This makes Clove a wonderful oil to generate warmth³. Many people find that their joints ache in the cooler weather so a drop of clove oil added to the massage formulation may help to bring the body back to equilibrium with warmth and energy.
Blending with Clove
Clove Bud Oil blends so beautifully with other oils, such as Cinnamon Bark and Sweet Orange for a warm, “home baked apple pie” aroma. We love it so much it’s in our Nirvana Lifestyle Blend, the perfect spicy aroma to warm the winter nights, help clear congestion, and provide the typical Christmas scent of pudding and mulled wine for the festive season.
Here are some DIY blends you may like to try at home:
Michelle’s Special Suggestion
When I think of Clove Oil I think of strength, perseverance and cleanliness. I absolutely love to wear Clove Oil to empower and strengthen the mind blended with Ylang Ylang to calm and reduce anxiety as a spicy sweet perfume. Together they are divine.
Remember when applying to skin always dilute down so in a 10 ml roll you will only add 1–2 drops of clove and 2–4 drops of ylang ylang with a carrier oil.
The Essence of Clove
This is the oil to use when you feel congested either physically or emotionally. I find it so beneficial for upper respiratory congestion and to help remove unwanted odours and energies in the home.
About the Author — Michelle Brass ND
With over 25 years of experience in the natural health industry, Michelle has dedicated her life to helping others embrace the therapeutic benefits of nature. Throughout her time as a health practitioner, she has used and recommended countless traditional and conventional treatments to her clients — as she believes an integrative approach to health and wellness is very important. Michelle is passionate about using and promoting essential oils and, in particular, Kunzea Oil, as she has seen them help thousands of people over the years. She knows that using essential oils in your daily life can help bring balance to the mind, body and soul. She is constantly trialling and testing new products with her loyal clients.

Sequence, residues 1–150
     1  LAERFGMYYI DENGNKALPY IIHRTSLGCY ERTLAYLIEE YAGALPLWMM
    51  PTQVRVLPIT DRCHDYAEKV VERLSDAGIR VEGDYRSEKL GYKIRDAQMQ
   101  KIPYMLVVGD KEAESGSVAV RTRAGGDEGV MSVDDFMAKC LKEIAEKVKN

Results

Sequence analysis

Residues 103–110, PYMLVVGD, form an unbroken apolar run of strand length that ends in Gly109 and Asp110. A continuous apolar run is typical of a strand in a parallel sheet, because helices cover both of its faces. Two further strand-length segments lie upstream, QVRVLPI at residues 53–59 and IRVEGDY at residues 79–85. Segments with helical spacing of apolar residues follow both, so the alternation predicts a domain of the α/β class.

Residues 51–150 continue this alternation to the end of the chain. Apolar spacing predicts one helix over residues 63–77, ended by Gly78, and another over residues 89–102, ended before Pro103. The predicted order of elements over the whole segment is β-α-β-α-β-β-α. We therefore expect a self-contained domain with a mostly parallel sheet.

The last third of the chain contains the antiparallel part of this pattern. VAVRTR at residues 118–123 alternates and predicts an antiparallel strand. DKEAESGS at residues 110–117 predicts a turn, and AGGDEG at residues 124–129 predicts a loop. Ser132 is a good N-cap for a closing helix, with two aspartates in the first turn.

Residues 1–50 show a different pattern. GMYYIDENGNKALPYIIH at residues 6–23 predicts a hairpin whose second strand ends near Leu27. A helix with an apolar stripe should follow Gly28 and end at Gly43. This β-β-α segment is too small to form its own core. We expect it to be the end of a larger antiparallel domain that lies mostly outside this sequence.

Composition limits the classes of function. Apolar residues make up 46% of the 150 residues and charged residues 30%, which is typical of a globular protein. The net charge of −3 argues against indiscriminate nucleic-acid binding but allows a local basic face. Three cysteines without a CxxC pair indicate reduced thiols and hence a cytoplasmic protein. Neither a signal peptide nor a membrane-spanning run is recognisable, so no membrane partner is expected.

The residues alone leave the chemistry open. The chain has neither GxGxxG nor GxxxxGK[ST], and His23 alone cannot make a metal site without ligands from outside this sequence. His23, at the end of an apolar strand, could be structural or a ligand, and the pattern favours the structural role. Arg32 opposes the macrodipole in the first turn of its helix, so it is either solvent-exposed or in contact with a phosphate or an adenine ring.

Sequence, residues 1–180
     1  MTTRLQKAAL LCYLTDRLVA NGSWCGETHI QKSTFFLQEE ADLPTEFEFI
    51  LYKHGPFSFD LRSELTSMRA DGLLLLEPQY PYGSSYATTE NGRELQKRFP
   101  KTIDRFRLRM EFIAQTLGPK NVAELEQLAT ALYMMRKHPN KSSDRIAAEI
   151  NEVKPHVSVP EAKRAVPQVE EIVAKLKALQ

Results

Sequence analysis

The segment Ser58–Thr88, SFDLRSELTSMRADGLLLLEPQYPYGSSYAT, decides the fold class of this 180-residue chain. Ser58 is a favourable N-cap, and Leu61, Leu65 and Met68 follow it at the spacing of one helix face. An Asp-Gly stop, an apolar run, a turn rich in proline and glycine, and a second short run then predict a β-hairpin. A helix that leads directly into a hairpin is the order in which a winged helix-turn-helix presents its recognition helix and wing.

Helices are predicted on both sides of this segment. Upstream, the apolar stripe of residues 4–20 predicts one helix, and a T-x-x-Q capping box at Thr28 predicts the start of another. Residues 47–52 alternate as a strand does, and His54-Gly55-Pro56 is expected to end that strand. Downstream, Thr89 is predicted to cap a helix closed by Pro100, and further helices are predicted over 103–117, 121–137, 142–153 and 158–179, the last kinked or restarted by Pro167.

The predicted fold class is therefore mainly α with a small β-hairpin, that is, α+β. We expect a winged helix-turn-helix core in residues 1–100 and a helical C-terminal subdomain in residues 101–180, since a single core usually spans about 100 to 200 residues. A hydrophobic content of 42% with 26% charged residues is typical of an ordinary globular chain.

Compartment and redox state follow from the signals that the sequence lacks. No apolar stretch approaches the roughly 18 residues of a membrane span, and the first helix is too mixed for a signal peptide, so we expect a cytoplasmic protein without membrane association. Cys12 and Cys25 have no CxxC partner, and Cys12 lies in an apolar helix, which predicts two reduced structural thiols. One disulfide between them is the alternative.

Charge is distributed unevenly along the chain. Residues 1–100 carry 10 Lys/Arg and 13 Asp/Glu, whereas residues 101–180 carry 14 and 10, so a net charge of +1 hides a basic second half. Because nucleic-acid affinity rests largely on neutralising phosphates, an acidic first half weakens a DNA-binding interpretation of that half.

To learn more about Michelle, go to her full bio page.
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- Andaya, Leonard Y. (1993). “Cultural State Formation in Eastern Indonesia”. In Reid, Anthony (ed.). Southeast Asia in the early modern era: trade, power, and belief. Cornell University Press. 1993.
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- Princi-Jones P. A Scented Life: Aromatherapy reimagined. Hardie Grant Books; 2020.
- Liu, B.B. et al. Essential Oil of Syzygium Aromatic Reverses The Deficits of Stress Induced Behaviors and Hippocampal p-ERK/p-CREB/brain derived neurotrophic factor expression. https://pubmed.ncbi.nlm.nih.gov/25590367/ Accessed 7 September 2020.
- Waters RP, Rivalan M, Bangasser DA, et al. Evidence for the role of corticotropin-releasing factor in major depressive disorder. 2015.
- Purchon N, Contele L. Complete Aromatherapy and Essential Oils Handbook. Robert Rose Publishers; 2014.